Sedona, Arizona is known for its red rocks and unique rock formations. During the day, you will see people on the numerous jeep and ATV tours, riding around from landmark to landmark — but there is one local landmark no motorized vehicle can take you to and it offers one of the most spectacular views in the Sedona region: The Devil’s Bridge.
This bridge is the largest sandstone archway in Sedona and the Devil’s Bridge Trail takes hikers across the top and the bottom of this eerie formation. The trail to get here, technically is only a 0.7 mile journey but getting from the parking lot to the trailhead is a hike within itself. This trail guide includes the total journey from the parking lot to the bridge, making it a 4.5 mile hike roundtrip.
The route to the actual trailhead, is a dirt road that only high-clearance 4×4 off road vehicles are allowed on. If you happen to be a desert rambler with a vehicle like this, then you can totally park directly at the trailhead and turn this into a much shorter and easier journey. But for those of us who do not own off road vehicles, there will be a parking lot located to the left where the paved street ends. That’s OK – we like spending time on foot in the desert, right?
From the parking lot you will follow the dirt road for about 1.3 miles until you see the sign directing you to turn right for the Devils Bridge. This dirt road is very wide and offers gorgeous views of those red rocks out in front of you.
Shortly after this turn you will see the trailhead.
As you begin, the trail will remain wide with trees all around. There is a gradual incline and some bigger rocks to step over.
Every view keeps getting better and better as you advance, but you may begin to notice that the bridge is no where to be found. Don’t worry, you will see the bridge but only at the very end of the trail. That’s part of the deception of this hike. The bridge is perfectly hidden from all hiker’s view, until you are actually standing right in front of it — kind of like the trail to Delicate Arch in Arches National Park.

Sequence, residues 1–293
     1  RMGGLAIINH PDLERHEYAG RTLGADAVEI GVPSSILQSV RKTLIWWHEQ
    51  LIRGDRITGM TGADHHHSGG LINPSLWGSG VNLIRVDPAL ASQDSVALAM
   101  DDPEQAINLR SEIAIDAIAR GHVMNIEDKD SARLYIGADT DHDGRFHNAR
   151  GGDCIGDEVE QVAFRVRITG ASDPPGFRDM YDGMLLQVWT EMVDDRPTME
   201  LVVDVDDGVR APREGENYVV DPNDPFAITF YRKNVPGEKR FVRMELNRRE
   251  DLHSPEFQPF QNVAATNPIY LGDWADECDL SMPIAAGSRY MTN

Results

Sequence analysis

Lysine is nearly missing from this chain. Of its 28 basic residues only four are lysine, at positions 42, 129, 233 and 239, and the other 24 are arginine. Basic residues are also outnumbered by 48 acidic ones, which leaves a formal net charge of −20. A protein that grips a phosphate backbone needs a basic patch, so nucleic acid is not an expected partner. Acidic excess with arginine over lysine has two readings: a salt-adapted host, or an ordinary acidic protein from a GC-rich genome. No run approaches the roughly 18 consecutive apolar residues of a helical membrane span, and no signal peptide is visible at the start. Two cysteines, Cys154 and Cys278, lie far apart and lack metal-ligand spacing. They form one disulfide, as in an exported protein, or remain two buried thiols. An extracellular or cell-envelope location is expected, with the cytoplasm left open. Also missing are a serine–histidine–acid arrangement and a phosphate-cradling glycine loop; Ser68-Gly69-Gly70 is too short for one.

At around 2 miles you will come to a wide cliff that makes a great little area to catch your breath and take in the view of the beautiful surrounding landscape.
After you catch your breath, the incline on the trail increases and eventually becomes a beautifully crafted set of stone stairs.
This is when you know you are almost at the bridge. The second set of stairs will be so narrow that it only allows one hiker at a time to go up and/or down. But, this area is not big and generally doesn’t bottleneck the hikers.
At around 2.1 mile, you will see that there is another unmarked trail off to the left side. This side trail will take you to an area below the bridge. If you continue going straight it will lead you to the top of the bridge. I would suggest going straight first and then when heading back, taking the side trail for the underneath view for a bit of extra perspective.
As you continue walking along the bridge will seem to magically appear out of nowhere on your left side. This stunning scene will unfurl right in front of you: the bridge, the red rocks, the piñon and juniper green and bright blue skies. You really can’t ask for a better view of Sedona than this!
You will likely encounter other hikers in this spot all waiting to have their picture taken upon the bridge. Hikers here are usually very respectful and allow each other their own individual time upon the bridge and are more than happy to take pictures of each other.
Photos of the bridge — especially from this angle — tend to make it look much more narrow and dangerous than it actually is. If you decide to walk out on to the bridge itself, you’ll see it’s much more wide than most photos would lead you to believe. Just use common sense when you’re up there and stay in the center of the bridge.
Return back the way you came in — or take a quick detour to the bottom viewpoint if you’d like. Remember that this trail is almost entirely unshaded, so do your best to get an early start or time your hike for later in the afternoon to take advantage of the cooler late afternoon / evening light.